Should we question the Big Bang? – amazing science

Today’s video deals with the “impossibly early” problem of galaxies discovered by the James Webb Telescope. Do they undermine the Big Bang Theory?

Here are always some comments and references for the most curious.

halo mass function

Central to the argument for improbable galaxies are these curves, which give the expected abundance of dark matter halos according to their mass and redshift. This is called the mass function of halos.

I modified this number from the post:

Steinhardt, CL, Capak, P., Masters, D., & Speagle, JS (2016). The Impossible Early Galaxy Problem. The Astrophysical Journal, 824(1), 21.

It tells us the number density of dark matter halos (how many halos are in a given volume expressed in \(\mathrm{MPc}^3\).) as a function of mass and for different redshifts. Here it is a cumulative function, so it gives the number of halos that have at least X mass in a given volume.

We’re talking about the mass of dark matter halos here, because we know that galaxies form inside these halos, and the baryonic fraction is about 20%. Knowing baryonic matter, not everything becomes stellar mass, meaning that for a given halo, stellar mass is usually less than 10% of the halo’s mass.

If we take for example a halo of 1000 billion solar masses (which would probably give a galaxy the star mass of our galaxy), we see that it is very unlikely at redshift 10, but the probability increases by several orders of magnitude with time (and redshift decreases).

These curves are obtained from a formalism calculation that takes into account initial density fluctuations of matter and makes them evolve during the expansion of the universe to predict the mass function of halos. We can mention Formalities of Schechter Presswhich has since been improved That Sheth Turmin. This formalism is semi-analytical but has a number of free parameters that must be determined.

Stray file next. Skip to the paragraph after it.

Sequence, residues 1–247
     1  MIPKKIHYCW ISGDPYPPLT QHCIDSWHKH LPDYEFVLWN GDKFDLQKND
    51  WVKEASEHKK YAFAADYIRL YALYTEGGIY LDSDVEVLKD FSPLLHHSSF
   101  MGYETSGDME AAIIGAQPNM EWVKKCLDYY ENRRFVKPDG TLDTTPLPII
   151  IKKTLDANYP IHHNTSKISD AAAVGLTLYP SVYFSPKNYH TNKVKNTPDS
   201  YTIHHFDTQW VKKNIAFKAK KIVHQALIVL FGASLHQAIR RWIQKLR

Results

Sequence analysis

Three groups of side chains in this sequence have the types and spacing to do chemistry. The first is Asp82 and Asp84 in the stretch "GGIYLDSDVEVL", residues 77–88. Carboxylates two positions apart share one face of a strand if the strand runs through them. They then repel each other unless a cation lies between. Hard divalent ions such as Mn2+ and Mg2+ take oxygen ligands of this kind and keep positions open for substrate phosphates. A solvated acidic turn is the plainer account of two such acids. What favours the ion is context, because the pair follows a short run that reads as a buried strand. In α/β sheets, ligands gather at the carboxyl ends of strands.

the break by Balmer

I’m always a little annoyed when I use fairly specific scientific terms, because a lot of times they really only exist in English. I decided to use the term break Since it is generally found in publications (but I found a thesis in French that talked about it break).

Let’s go back to the mechanism in action. Here is one of the spectra I showed in the video

And before we talk about the Palmer station wagon, let’s talk about the Lehman station wagon! It is a fact that below about 370 nm in the above figure, there is basically no signal. but why ?

When the hydrogen atom is in the ground state (n = 1), it can absorb light of different wavelengths. These are the Lyman lines found in UV rays (featured here in Angstroms)

From right to left: we see that the alpha line is about 122 nm, the beta is about 103 nm, the gamma is about 97 nm, etc. On top of that, we see the gap between the lines narrowing because the high energy levels are close together. Asymptotically, the 91 nm boundary roughly corresponds to the ionization energy: the fact that the electron is completely shredded from level 1. It is with this value that the Lyman fracture is found. But why not a simple absorption line?

If the wavelength of a photon is 122nm then it can make the electron go from level 1 to level 2. But if its wavelength is 100nm then it is too energetic to reach level 2 but not enough for level 3. We can say that ‘too much energy’ should not be a problem because ‘he who can do more can do less’. Except that energy is conserved, the excess energy has to go somewhere, and there it has nowhere to go. So for energy level transitions we have absorption lines.